This week has had it’s highs and lows for sure. We planned to be down in the small town of Rogue River, where I grew up, for a book signing at the annual Rooster Crow. That’s right, Rooster Crow! It’s a weekend festival where people watch roosters crow and this year as an added bonus they had humans crowing. Anyway I scheduled to have a booth to sign copies of Blind Descent, but a week prior to going down I got the news that my Dad was going to have to go up to Portland to have a double-bypass surgery for his heart. So we adjusted for a flexible schedule…
The southern Oregon signing had many highs, from a guy visiting from Alaska in a restaurant recognizing me from my book, the owner of a bookstore giving me a hug because I came into her store (Blind Descent was on the shelf at the checkout counter), to a Chinese-only speaking man giving me a hug for my accomplishments, to signing several books, having inspiring conversations and catching up with people I went to high school with. During this time I was receiving updates from my Mom on my Dad’s progress. The surgery was successful but he wasn’t in a state to be seen on my way down so we planned to spend a few hours on the drive back to Seattle on Sunday. My Mom relayed the news that although the surgery went well he was having complications with blood pressure, irregular heart beat and a fever. This went on the entire weekend, but there was nothing I could do so I put on a happy face and completed my obligation of the signing. Early Sunday we headed up to Portland where my Dad was doing much better. He was still in ICU with plenty of tubes and wires connected but he was in high spirits.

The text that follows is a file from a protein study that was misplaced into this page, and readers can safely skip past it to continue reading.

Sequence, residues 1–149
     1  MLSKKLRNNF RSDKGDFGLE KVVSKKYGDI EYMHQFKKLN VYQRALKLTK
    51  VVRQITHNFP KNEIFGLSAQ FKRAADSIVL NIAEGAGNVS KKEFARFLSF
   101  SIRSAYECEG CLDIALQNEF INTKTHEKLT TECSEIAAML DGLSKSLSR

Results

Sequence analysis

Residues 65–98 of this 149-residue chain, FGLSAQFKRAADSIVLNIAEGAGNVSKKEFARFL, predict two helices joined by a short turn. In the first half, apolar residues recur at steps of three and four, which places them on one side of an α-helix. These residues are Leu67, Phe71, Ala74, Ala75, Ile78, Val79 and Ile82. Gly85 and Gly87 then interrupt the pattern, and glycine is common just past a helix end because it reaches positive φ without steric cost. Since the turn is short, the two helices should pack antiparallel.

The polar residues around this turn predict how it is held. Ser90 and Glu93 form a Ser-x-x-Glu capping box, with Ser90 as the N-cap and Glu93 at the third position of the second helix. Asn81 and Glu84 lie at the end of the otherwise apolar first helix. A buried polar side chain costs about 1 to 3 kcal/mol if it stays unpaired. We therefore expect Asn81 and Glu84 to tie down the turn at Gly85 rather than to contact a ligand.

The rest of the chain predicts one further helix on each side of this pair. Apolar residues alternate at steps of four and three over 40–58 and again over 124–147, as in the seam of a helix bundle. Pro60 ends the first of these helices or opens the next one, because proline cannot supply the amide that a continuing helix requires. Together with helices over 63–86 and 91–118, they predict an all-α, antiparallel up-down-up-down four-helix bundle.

Throughout my life I’ve been presented with several situations that have helped me reflect and appreciate life more. Things that occurred as a kid, in the military and now in the mountains (especially on Everest). They help put things in perspective and if handled correctly can create a positive outlook on life. The analogy of ‘find your Everest’ get’s over played. Today let’s mix it up with “find your double bypass.” I didn’t really know what a bypass was until my Dad explained it yesterday. Other arteries or veins are grafted to the coronary arteries to bypass atheroscleroticnarrowings and improve the blood supply to the myocardium (heart muscle) (Wikipedia). I guess that’s true with most things in life. Until they hit close to home you’re ignorant of the details. One day my Dad is walking around full of life, the next he has a tube down his throat and is barely hanging onto life. One great thing this past week has allowed is an outreach of prayers and hope from several people I really don’t know other than by social media posts / tweets. But it’s the power of prayer that helps lift those in need up when they most need it. For that I am grateful. I hope that you are able to find your ‘bypass’, without experiencing a real one, to realize how fragile life is and to make each day amazing!
“The humble shall see this, and be glad: and your heart shall live that seek God.” Psalm 69:32